Whether it’s because hockey is Canada’s national obsession or because we’ve just published a debut novel about small-town hockey life that iBooks reviewed as one of their favourite titles of the season – “definitely deserves a few stick taps” – but we’ve got the game on our minds! Here are some recent books about the game that dominates our psyche, for readers of all ages and interests.
Puckstruck: Distracted, Delighted and Distressed by Canada’s Hockey Obsession by Stephen Smith (Greystone Books)
Longlisted for the RBC Taylor Prize, in Puckstruck, Stephen Smith chronicles his wide-eyed and sometimes wincing wander through hockey’s literature, language, and history, to ask if hockey is the best of us, is it also the worst?
Lucy Tries Hockey by Lisa Bowes, illustrated by James Hearne (Orca Book Publishers)
Lucy thinks learning how to play hockey looks like fun, but it may too challenging. With the support of her parents and an encouraging instructor, Lucy enrolls in a hockey clinic where she learns new skills and has fun on the ice! Part of The Lucy Tries Sports series.
Hockey Fight in Canada by David Shoalts (Douglas & McIntyre)
This is the story of how the CBC lost Hockey Night in Canada and how Rogers’s big win went wrong: controversial choices in a host, Canadian NHL teams missing the playoffs, ratings drops, and changes in viewing habits. Hockey Fight in Canada details every fascinating play in this intersection of sports and business.
Born Into It: A Fan’s Life by Jay Baruchel (HarperCollins)
Montreal Canadiens superfan Jay Baruchel loves the Habs, no matter what. In Born Into It is a collection of hilarious, heartfelt and nostalgic stories that draw on Jay’s childhood experiences as a homer in Montreal and as the enemy living in the Maple Leaf stronghold of Oshawa, Ontario.
Searching for Terry Punchout by Tyler Hellard (Invisible Publishing)
Aspiring sports journalist Adam Macallister begrudgingly returns home to Nova Scotia for the sake of a story about a legendary hockey enforcer – Terry Punchout – who happens to be Adam’s estranged dad. Adam faces family and friends for the first time in a decade in this charming tale of hockey, small-town Maritime life, and how, despite our best efforts, nothing can save us from becoming our parents.
Young Leafs: The Making of a New Hockey History by Gare Joyce (Simon & Schuster)
After years of fan disappointment, Toronto Maple Leafs’ management took on the bold goal of reshaping the team, and it appeared to pay off when Auston Matthews became the first player in history to score four goals in his NHL debut. Young Leafs follows the team through that season along with the arrival of other new players tasked with carrying the hopes of a city on their young shoulders.
How We Did It: The Subban Plan for Success in Hockey, School and Life by Karl Subban and Scott Colby (Penguin Random House)
Karl Subban is a father of five, three who were drafted to the NHL and two who became teachers. From house league to the big leagues, How We Did It is about growing the potential in every child, told through a mix of personal stories and goal-setting lessons Subban picked up in his many years as a school principal, educator and coach.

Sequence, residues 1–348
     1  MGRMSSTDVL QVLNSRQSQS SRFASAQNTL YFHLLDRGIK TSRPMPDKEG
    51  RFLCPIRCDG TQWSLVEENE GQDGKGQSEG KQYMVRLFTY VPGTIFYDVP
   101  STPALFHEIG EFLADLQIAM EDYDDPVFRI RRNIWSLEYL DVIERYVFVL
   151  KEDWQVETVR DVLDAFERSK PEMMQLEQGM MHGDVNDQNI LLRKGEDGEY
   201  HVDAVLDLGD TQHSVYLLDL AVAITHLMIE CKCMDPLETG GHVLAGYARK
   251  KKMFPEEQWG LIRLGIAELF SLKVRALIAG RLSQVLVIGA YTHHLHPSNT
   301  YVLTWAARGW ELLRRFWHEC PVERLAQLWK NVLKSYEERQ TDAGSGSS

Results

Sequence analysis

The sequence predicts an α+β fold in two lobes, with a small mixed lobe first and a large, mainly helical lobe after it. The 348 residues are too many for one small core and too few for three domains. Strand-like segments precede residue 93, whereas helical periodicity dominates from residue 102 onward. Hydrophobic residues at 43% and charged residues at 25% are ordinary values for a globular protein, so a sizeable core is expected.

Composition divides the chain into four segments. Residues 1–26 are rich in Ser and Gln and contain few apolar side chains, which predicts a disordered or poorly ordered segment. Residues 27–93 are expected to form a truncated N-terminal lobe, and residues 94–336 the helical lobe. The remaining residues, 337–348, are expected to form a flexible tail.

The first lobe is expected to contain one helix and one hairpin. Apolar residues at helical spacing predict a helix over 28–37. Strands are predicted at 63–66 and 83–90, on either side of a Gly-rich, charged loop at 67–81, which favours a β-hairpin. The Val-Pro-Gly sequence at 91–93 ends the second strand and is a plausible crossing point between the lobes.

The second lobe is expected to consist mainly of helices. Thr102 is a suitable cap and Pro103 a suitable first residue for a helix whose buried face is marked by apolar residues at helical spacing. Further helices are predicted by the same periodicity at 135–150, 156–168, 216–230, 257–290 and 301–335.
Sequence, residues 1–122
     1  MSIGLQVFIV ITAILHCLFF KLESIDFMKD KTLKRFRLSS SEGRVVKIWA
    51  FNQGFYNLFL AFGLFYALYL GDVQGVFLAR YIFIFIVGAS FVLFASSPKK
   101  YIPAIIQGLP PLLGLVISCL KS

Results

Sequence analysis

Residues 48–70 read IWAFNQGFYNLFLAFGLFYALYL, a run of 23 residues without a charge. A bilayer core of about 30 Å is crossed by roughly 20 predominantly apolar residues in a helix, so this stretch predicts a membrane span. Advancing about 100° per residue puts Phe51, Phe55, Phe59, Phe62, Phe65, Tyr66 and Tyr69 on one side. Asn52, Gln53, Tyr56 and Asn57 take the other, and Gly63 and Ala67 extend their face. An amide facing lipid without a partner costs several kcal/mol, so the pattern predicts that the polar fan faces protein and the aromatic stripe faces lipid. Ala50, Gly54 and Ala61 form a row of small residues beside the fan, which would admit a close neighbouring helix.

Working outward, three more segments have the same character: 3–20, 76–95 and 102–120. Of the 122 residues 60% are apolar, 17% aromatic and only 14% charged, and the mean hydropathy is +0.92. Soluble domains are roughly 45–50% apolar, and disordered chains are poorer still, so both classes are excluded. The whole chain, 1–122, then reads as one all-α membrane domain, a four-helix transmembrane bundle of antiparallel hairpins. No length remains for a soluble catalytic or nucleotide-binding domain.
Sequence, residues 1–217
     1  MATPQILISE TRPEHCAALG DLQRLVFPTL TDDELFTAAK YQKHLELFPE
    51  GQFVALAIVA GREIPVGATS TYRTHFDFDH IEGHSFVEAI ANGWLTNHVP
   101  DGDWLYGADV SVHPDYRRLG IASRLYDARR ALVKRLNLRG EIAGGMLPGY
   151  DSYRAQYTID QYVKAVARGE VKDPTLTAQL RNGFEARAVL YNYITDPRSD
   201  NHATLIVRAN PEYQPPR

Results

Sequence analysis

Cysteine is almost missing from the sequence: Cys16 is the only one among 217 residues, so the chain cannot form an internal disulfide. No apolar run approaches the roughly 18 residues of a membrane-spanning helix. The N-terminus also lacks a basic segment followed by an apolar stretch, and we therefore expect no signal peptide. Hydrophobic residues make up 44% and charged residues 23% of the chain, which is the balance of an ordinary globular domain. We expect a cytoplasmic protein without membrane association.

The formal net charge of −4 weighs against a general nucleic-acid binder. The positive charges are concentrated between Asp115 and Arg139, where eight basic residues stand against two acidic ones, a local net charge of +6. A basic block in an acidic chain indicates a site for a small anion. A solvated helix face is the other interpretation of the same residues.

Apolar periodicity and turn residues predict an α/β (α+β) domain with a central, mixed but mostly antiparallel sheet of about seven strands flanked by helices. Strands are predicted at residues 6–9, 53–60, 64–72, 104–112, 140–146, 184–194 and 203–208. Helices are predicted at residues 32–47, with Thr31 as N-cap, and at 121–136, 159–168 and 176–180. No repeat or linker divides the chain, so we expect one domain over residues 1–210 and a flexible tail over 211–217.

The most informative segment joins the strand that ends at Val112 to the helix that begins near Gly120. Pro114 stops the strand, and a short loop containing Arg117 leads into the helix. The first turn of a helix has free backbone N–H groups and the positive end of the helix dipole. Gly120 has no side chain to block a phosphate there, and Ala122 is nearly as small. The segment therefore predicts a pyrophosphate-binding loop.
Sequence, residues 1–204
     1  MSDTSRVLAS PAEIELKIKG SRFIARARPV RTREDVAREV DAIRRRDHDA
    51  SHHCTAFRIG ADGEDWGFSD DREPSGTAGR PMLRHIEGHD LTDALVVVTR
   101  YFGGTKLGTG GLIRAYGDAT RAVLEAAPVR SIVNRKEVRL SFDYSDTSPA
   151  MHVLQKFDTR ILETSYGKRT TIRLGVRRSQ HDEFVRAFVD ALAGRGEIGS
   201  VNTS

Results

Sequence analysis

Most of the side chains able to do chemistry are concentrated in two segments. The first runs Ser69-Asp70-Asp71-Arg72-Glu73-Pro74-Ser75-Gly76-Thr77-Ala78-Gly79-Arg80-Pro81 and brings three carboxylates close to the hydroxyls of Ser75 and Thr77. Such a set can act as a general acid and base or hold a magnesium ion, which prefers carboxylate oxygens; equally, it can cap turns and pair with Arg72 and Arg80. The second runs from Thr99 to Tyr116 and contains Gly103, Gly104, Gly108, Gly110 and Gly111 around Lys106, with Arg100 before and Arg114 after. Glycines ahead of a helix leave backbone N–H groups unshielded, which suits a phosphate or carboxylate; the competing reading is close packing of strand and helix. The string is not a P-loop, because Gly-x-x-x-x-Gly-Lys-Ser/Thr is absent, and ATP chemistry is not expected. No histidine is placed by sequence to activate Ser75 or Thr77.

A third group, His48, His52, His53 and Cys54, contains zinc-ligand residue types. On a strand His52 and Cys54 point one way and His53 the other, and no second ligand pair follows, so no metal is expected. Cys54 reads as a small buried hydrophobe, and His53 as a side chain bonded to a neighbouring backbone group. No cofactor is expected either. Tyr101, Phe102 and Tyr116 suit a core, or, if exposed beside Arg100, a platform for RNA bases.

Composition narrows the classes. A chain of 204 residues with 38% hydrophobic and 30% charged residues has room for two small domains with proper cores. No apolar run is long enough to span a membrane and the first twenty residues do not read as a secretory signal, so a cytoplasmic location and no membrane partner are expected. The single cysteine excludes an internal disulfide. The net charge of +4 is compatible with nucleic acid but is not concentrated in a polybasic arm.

Hockey Dreams: Memories of a Man Who Couldn’t Play (Penguin Modern Classics Edition) by David Adams Richards (Anchor Canada)
Displaying Adams Richards’ gift for character and dialogue, Hockey Dreams is part memoir, part hockey history, a lyrical narrative that is ultimately an essay on national identity and how Canadians have claimed the game of hockey as their own.
Amazing Hockey Stories: Hayley Wickenheiser by Lorna Schultz Nicholson (Scholastic Canada)
Told in full-color comic book illustration, this is the tale of one of Canada’s greatest hockey players of all time, Hayley Wickenheiser, from her beginnings in Saskatchewan, where she played on the boys’ teams, to the record for most points scored in Olympic history and five medals.
A Century of NHL® Memories: Rare Photos from the Hockey Hall of Fame by Jim Hynes (Griffintown Media)
In the hockey universe, the single-most important repository of memories is the Hockey Hall of Fame, many of which have never been published or seen. A Century of NHL® Memories celebrates the league’s centennial by throwing open the doors to the Hall of Fame’s photo archives and unveiling some of these treasures.
Night Work: The Sawchuk Poems by Randall Maggs (Brick Books)
The narrative long poem Night Work: The Sawchuk Poems follows the tragic life of Terry Sawchuk, a driven goalie who survived twenty seasons in an era of inadequate upper-body equipment and no player representation. These poems range from meditations on heroism to dramatic capsules of actual games, depicting key moments in the career of Terry Sawchuk, his exploits and his agony.
Black Ice: The Val James Story by Val James and John Gallagher (ECW Press)
Shedding light on racism in hockey, Black Ice tells the story of Val James who endured and overcame discrimination to become the first Black American to play in the NHL, in 1982 with the Buffalo Sabres and in 1987 with the Toronto Maple Leafs.
Hockey: Challenging Canada’s Game – Au-delà du sport national edited by Jenny Ellison and Jennifer Anderson (University of Ottawa Press)
For many Canadians, hockey is the game. While the relationship between hockey and national identity has been studied, where does the game fit into our understanding of multiple, diverse Canadian identities today? This interdisciplinary book considers hockey, both as professional and amateur sport, and both in historical and contemporary context, in relation to larger themes in Canadian Studies, including gender, race/ethnicity, ability, sexuality and geography. Contributors to this book reflect upon all aspects of hockey in Canadian life: play, fandom, sports broadcasting, and community activism.